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NEW YORK, NY - SEPTEMBER 27:  David Wright #5 of the New York Mets fields a ball against the Cincinnati Reds in the third inning of a game at Citi Field on September 27, 2011 in the Flushing neighborhood of the Queens borough of New York City.  (Photo by Patrick McDermott/Getty Images) David Wright.

2012 baseball preview

Mets Season Preview: Who Might Be Traded at the Deadline?

Our preview of the 2012 Mets season continues with a look at who might be traded at the deadline.

Not to be a downer here, but it’s fair to say that it’s highly unlikely the Mets are going to win a World Series this year. (We’re being kind. It’s highly unlikely the Mets are going to have a winning record, but we’re starting at the top and working down.) Since the goal of any baseball team is to win a World Series, any season in which you know going in that you’re not going to win a World Series exists only to get you closer to win a future one. Which means it’s often going to result in a roster purge.

The Mets are trying to build up their farm system, and the best, quickest way to do that is to trade away players whose contracts are expiring or who just aren’t going to be part of the next championship team. Come July, the Mets are going to be out of the playoffs and ready to deal. Who’s likely to go? Let’s take a gander.

R.A. Dickey. The knuckleballer is incredibly popular as well as being the Mets’ steadiest pitcher, and he's also signed to a team-friendly deal. (He’s signed through this year, with a $5 million option for next year.) But another team would find that deal plenty friendly too, particularly one that finds itself short a pitcher or two at the deadline. Dickey has been a cheap, perfectly profitable option for the Mets for two years now: cost-efficient, fan-friendly, and Kilimanjaro-climbing. But knuckleballers not named Tim Wakefield tend to be perishable. The Mets have come out ahead already on the Dickey deal(s). If they could get a top prospect for him come July, they’d have to do it.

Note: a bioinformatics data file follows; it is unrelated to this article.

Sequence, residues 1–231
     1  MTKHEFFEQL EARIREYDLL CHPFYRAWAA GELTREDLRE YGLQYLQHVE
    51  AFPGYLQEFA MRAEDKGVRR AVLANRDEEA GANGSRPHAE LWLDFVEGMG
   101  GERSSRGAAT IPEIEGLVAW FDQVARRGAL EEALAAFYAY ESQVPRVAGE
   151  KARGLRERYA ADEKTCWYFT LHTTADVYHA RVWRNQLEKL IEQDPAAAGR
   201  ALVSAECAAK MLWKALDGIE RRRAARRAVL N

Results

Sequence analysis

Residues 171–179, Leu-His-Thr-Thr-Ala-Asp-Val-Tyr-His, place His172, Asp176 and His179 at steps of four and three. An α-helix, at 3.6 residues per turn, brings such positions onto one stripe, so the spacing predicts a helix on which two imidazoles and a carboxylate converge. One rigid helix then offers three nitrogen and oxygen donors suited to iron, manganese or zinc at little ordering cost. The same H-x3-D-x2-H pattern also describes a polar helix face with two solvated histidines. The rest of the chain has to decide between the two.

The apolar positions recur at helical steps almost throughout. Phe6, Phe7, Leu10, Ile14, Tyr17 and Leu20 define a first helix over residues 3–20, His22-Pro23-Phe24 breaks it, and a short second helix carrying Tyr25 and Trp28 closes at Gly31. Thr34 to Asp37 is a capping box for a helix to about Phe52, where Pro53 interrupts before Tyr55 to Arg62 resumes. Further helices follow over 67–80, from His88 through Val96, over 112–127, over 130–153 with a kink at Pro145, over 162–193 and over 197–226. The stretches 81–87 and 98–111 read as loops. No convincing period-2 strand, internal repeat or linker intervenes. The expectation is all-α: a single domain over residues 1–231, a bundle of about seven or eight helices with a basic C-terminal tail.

Frank Francisco. Yeah, yeah, we know, they just got this guy. (He hasn’t even thrown a pitch for them yet.) But the value of a closer is never higher than at the trade deadline, and inevitably, some contender is going to feel they’re one bullpen guy away from running away with the division. If Francisco can have a solid year for the Mets – and every sign so far seems to imply he will – his contract for next year ($6.5 million) is high but not unreasonable. Teams get awfully desperate for bullpen help at the deadline.

David Wright. And here’s the big one. Wright has a $16 million club option for next year, or a $1 million buyout, but he has the right to void that if he’s traded. Depending on what kind of year he has, he might not want to, but the point is, Wright is the most marketable commodity the Mets have. Plus, if he can generate a few more homers with the moved-in fences, he could be even more desirable. Last year, they got Zack Wheeler — who instantly became their top prospect — for Carlos Beltran. You’d have to think they could get more for Wright, right? Particularly with the second wild card making fewer teams willing to sell at the deadline, making all available properties that much more valuable. Everybody loves David Wright — they do, right? — but if the Mets want to make their team better and build the next Mets championship team, it’s tough to argue that Wright should stay. If José Reyes didn’t stay, why should Wright?

Oh, and sorry: As much as the Mets would love for someone to take Johan Santana’s and Jason Bay’s contracts off their hands, one should not hold one’s breath. (You shouldn’t hold your breath anyway. It’s unhealthy.)

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Photo: Patrick McDermott/Getty Images